Do any of your Facebook friends have tongue in cheek or just outright pseudonyms on the social network?
We all know the internet is built on a foundation of lies, untruths and Ever conceal an important detail on Match.com, OKCupid or eHarmony? Better start saving up for bail, if the US Department of Justice manages to make such actions a federal crime. Fake names, fudged height or weight stats or other internet little white lies could fall afoul of the Computer Fraud and Abuse Act (CFAA), as CNET explains:
The law must allow “prosecutions based upon a violation of terms of service or similar contractual agreement with an employer or provider,” Richard Downing, the Justice Department’s deputy computer crime chief [is expected to explain to Congress]… Scaling back that law “would make it difficult or impossible to deter and address serious insider threats through prosecution,” and jeopardize prosecutions involving identity theft, misuse of government databases, and privacy invasions, according to Downing.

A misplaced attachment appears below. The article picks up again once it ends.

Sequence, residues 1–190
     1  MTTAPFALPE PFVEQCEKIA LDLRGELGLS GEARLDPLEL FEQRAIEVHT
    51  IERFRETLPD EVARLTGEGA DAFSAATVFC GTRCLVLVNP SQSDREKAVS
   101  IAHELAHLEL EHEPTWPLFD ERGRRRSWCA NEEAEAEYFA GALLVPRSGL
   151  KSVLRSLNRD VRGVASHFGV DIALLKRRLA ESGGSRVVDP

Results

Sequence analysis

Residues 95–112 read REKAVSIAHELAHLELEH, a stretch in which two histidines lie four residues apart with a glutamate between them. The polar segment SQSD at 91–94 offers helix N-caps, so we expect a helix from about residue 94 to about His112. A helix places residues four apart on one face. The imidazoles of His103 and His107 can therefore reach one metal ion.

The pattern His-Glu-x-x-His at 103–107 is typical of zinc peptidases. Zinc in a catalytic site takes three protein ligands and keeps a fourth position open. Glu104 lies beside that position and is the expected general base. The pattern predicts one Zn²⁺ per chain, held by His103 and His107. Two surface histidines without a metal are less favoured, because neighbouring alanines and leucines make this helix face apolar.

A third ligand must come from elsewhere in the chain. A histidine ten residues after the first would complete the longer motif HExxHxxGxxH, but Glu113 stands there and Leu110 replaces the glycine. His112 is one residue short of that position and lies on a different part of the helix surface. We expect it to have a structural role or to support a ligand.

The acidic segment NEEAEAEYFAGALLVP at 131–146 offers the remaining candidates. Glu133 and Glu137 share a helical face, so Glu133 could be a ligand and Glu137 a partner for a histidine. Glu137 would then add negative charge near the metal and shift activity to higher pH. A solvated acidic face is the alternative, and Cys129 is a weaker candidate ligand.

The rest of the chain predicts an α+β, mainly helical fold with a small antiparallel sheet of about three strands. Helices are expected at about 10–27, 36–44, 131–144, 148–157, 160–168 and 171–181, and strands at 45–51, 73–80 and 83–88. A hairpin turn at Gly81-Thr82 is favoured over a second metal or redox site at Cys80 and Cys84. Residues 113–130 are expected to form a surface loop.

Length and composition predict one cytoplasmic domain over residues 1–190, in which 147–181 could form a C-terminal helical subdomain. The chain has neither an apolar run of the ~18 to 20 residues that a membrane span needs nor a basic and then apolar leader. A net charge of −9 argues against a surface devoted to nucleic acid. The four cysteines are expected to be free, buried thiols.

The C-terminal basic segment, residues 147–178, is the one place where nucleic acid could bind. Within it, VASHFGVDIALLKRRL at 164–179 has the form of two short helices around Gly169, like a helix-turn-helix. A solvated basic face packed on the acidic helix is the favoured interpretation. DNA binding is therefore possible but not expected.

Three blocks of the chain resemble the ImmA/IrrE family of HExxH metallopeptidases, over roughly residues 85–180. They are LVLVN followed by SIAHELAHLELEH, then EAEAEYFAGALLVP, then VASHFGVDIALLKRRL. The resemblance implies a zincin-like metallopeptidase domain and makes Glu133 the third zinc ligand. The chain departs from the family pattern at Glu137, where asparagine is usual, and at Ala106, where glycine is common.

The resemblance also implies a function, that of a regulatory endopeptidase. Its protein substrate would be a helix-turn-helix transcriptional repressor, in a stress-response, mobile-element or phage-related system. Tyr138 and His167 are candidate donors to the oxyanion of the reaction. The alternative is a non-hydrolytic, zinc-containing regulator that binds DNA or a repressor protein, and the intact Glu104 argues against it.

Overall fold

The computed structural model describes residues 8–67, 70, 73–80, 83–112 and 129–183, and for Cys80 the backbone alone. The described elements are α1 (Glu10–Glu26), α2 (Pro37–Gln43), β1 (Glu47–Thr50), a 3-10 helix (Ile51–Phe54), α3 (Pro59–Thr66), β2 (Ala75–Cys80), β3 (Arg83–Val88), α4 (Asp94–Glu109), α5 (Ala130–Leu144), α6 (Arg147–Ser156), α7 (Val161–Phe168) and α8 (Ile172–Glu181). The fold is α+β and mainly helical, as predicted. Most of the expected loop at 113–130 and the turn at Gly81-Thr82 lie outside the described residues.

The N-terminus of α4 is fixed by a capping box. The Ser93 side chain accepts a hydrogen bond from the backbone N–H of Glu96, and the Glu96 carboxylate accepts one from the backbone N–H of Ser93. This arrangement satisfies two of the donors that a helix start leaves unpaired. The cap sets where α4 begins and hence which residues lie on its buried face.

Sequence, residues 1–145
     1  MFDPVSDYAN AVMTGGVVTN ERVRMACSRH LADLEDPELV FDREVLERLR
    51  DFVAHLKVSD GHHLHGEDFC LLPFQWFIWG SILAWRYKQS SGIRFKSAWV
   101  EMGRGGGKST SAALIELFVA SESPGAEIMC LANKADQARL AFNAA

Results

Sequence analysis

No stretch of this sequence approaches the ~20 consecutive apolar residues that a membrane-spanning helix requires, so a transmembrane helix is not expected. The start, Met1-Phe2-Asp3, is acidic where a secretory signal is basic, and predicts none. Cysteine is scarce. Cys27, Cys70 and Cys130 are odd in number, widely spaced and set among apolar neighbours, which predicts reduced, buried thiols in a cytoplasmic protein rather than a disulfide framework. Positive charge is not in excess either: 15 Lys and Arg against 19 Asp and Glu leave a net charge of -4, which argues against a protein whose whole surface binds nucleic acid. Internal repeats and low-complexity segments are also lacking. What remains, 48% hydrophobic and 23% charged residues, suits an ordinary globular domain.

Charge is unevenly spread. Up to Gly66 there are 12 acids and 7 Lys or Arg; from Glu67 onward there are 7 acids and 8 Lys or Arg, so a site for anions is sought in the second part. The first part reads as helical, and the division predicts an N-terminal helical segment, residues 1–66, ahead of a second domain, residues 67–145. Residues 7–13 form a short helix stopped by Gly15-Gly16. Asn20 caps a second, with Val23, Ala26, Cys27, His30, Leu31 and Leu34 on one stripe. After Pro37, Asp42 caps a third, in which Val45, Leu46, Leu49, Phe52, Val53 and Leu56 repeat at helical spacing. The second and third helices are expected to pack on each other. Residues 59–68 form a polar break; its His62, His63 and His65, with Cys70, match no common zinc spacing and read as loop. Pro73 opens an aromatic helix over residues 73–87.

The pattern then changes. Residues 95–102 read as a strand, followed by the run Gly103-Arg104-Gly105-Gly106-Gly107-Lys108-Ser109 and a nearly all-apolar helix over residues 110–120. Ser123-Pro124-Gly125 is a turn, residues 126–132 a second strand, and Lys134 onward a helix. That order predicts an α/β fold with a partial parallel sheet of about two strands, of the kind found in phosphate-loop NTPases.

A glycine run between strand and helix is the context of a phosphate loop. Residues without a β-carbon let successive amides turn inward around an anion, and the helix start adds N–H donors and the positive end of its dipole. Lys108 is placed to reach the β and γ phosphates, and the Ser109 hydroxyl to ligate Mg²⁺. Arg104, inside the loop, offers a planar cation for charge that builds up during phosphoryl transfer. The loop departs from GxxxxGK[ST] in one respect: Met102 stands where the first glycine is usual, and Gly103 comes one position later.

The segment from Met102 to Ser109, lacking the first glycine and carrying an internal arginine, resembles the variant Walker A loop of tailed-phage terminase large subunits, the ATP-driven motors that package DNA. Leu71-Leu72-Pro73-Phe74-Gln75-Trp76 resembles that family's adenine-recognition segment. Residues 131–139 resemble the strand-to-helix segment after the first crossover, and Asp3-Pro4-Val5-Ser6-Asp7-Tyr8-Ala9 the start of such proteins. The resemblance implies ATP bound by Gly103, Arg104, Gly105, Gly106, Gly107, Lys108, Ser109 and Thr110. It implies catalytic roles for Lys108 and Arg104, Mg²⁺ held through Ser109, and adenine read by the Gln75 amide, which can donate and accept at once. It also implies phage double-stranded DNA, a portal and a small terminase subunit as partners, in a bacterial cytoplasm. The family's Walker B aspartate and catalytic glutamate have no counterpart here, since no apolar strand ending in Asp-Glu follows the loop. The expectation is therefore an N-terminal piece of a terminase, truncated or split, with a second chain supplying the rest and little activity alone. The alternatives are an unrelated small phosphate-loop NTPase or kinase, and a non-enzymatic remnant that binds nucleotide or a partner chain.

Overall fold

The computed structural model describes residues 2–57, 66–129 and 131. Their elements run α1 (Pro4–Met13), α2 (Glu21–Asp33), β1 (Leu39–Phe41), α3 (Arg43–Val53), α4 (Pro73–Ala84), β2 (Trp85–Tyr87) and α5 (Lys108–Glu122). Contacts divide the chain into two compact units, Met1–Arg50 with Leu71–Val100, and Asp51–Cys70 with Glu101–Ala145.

Opponents of the regulations, including the Electronic Frontier Foundation, the ACLU and FreedomWorks pointed out some of the obvious flaws in pushing the prosecution of such acts in a letter written last August:
“If a person assumes a fictitious identity at a party, there is no federal crime,” the letter says. “Yet if they assume that same identity on a social network that prohibits pseudonyms, there may again be a CFAA violation. This is a gross misuse of the law.”
Scary? The laws have already been used to prosecute, in the case of Lori Drew- the woman who used MySpace to bully a friend of her daughter’s. (The harassed girl took her own life, and Drew was widely pilloried for her role in the teen’s suicide.) Have you already set out on the path of becoming a felon by using a middle instead of surname on Facebook, for instance?